COVID VaccinesReturn to WorkMental Health

10, 7 or 5 days? Scientists weigh in on the best length of COVID isolation

January 17, 2022, 1:22 PM UTC

On Monday, the U.K. joined the U.S. in shortening its isolation period for COVID-19 to five days after testing positive. But as Omicron cases surge through both countries, several studies have found COVID-infected individuals are still infectious well after five days from symptom onset—findings that have opened a debate on what is the ideal length of isolation.

The first study, published by Japan’s National Institute of Infectious Diseases on Jan. 5 found that patients with the Omicron variant of COVID-19 shed the virus for much longer after symptoms emerged. The study found that the amount of viral RNA was highest three to six days after symptom onset, with a marked decrease only after 10 days.

Another U.S. study, published on Saturday by researchers at Harvard University, found that 39% of people infected with the Omicron variant in the National Basketball Association’s COVID-19 testing program were still contagious after five days. 

Similarly, a study done by the  U.K. government itself through its Health Security Agency found that up to 31% of people would still be infectious five days after the onset of COVID symptoms.

Such findings have led to friction between proponents of shorter and longer quarantines. The move to shorten isolation periods is motivated by a need to ease crippling staff shortages in essential public services, as well as in retail and hospitality venues—a desire that regularly puts politicians looking to buoy the economy at odds with researchers who are focused on health statistics.

“What we’re going to do is run the risk of highly infectious people returning to work or school,” Lawrence Young, a virologist and professor of Molecular Oncology at Warwick Medical School, told Fortune.

“The bottom line with this is this is not a scientific change or policy that is based on scientific evidence at all. It is based on the need to get people back to work,” he said.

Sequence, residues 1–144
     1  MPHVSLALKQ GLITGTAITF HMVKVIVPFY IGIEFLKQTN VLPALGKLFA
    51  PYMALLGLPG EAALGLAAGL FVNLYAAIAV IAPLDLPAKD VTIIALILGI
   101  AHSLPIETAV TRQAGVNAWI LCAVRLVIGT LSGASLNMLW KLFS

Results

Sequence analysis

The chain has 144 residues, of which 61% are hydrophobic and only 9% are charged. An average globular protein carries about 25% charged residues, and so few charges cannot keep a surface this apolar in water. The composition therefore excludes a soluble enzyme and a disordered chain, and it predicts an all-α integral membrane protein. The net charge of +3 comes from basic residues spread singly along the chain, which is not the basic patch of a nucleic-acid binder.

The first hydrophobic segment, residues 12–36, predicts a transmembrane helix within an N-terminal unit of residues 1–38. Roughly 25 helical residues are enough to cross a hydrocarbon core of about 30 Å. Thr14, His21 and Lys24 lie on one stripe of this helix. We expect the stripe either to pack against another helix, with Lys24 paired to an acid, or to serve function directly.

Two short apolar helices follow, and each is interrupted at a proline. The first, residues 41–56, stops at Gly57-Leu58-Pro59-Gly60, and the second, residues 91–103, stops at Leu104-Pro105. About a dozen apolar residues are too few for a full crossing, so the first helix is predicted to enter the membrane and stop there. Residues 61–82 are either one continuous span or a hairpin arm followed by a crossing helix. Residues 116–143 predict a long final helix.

Testing’s role

The U.S. Centers for Disease Control and Prevention was met with sharp criticism after announcing its decision to cut isolation to five days without a negative antigen test.

CDC director Dr. Rochelle Walensky defended the decision, telling the New York Times that the recommendation was based on evidence that the majority of transmissibility lasts in the two days before symptoms and the two to three days after onset.

On the decision to omit negative testing, Walensky added that rapid tests are not reliable for determining contagiousness. The U.S. guidelines still recommend people wear a mask around others for another five days after testing positive.

Unlike the U.S., the U.K. requires a negative lateral flow or rapid antigen test in order to shorten isolation times. The London School of Hygiene and Tropical Medicine suggested that such testing could cut isolation time even further, arguing the number of infectious days could be reduced to almost zero by requiring two consecutive days of lateral flow tests regardless of the date of symptom onset.

Around the world

As the Omicron variant rushes through Europe, many countries are also shortening their isolation periods to ease staffing shortages, but few are going as far as the five days required by the U.K. and the U.S.

France, Ireland, Spain and Portugal have all decreased their COVID self-isolation rules from 10 days to seven in the face of rising cases and staff shortages. Germany is also considering cutting its 14-day isolation. Greece has shortened its isolation to five days.

Italy however, has chosen a different course, leaving its 10-day isolation untouched, but scrapping quarantine rules for people who have come into close contact with someone infected with COVID.

Some countries like Canada, have shortened isolation periods for people who have been vaccinated. But according to Young from the University of Warwick, “I haven’t seen any data that demonstrates any difference in the timeline dynamics.” However, he added, he “can understand why some countries will try and bring that in as a way of encouraging people to get vaccinated.”

Never miss a story: Follow your favorite topics and authors to get a personalized email with the journalism that matters most to you.